Yesterday’s Saskatchewan budget didn’t hold many surprises and that was probably to be expected. Scott Moe’s government has yet to face the electorate and has no real public mandate to make any significant changes. Because of this lack of democratic legitimacy, a cautious, incremental approach, that hewed to the path laid out by former premier Brad Wall was the most obvious choice for a government that fears alienating any significant part of the electorate prior to next year’s provincial election.
Most important for Mr. Moe’s government is to be seen as competent stewards of the economy, restoring the budget to balance without making the kinds of deep cuts or ill-advised tax changes that disaffected so much of the public in 2017. Yesterday’s budget tried to walk that tightrope, with the cuts that were made (childcare, post-secondary scholarships, literacy programs, labour market programs) largely unremarked upon, while partial attempts to restore previous cuts (education) were widely touted. Certainly, Mr. Moe’s budget roll-out made every attempt to frame his government as cautious and deliberate, carefully returning the province to fiscal balance.
We can expect this narrative to continue going into the 2020 election year. Mr. Moe will want to portray his government as successfully slaying the deficit dragon, just-so-conveniently timed to be able to unleash a wave of pre-election spending and/or tax cuts designed to seduce the electorate. The irony of this probable narrative is that Mr. Moe will be asking us to reward him for rescuing us from himself. As we at CCPA Saskatchewan have been at pains to emphasize, the austerity imposed by Premiers Wall and Moe over the past three years was not only not necessary, it was counterproductive.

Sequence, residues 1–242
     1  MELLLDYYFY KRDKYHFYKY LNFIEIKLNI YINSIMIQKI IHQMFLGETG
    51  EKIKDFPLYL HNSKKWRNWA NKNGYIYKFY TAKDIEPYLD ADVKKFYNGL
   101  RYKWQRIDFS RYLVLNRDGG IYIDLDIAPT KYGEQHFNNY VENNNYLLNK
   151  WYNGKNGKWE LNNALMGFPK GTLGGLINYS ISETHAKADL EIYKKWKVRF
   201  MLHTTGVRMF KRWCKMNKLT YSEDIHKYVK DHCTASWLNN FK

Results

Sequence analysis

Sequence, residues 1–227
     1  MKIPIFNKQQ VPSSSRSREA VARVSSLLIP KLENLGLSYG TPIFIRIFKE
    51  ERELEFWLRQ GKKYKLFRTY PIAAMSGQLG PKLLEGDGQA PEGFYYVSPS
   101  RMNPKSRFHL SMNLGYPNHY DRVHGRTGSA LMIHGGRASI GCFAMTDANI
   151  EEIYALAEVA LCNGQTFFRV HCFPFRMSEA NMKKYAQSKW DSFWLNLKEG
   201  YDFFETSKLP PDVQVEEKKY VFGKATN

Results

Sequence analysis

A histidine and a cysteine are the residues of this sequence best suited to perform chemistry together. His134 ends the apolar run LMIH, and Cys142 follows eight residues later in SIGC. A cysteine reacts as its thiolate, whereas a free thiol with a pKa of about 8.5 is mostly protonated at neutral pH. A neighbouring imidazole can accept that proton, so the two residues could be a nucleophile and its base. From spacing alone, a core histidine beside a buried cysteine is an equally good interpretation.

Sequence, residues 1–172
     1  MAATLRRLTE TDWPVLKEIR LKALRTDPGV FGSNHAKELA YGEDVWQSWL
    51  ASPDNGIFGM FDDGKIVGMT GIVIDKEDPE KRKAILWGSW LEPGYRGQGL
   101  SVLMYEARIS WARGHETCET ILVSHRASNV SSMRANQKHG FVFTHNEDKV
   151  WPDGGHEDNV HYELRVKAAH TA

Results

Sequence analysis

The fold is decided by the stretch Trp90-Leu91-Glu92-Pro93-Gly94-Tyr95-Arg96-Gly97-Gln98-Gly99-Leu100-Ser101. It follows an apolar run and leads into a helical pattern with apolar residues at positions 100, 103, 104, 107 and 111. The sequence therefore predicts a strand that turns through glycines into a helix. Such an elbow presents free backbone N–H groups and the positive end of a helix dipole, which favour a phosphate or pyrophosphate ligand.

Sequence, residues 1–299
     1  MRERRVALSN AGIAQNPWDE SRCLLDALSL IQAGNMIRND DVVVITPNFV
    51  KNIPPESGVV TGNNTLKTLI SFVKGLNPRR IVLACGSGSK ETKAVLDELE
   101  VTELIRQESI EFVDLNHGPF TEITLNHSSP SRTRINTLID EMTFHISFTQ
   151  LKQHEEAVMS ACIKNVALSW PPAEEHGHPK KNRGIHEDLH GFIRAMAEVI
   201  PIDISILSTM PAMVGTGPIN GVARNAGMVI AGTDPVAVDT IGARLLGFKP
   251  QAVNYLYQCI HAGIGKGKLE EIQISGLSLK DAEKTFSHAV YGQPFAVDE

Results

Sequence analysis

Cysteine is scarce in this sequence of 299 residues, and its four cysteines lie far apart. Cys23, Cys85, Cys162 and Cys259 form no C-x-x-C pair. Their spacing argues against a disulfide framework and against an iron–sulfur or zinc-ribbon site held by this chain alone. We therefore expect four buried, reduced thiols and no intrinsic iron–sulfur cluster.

A robust program of stimulus coupled with progressive taxation could have allowed the government to grow its way out of deficit. Instead the government opted for contractionary cost-cutting that fell disproportionately on our province’s most vulnerable. Unfortunately, while the former approach would have been more just and fair, it probably wouldn’t have respected electoral timetables. So now we will have to endure the spectacle of the authors of austerity congratulating themselves for making the “tough choices” that didn’t need to be made in the first place. Perhaps a more honest campaign pitch for Mr. Moe to the Saskatchewan public next year would be “Thanks for cleaning up the mess we made!”
Simon Enoch is Director of the Saskatchewan Office of the Canadian Centre for Policy Alternatives.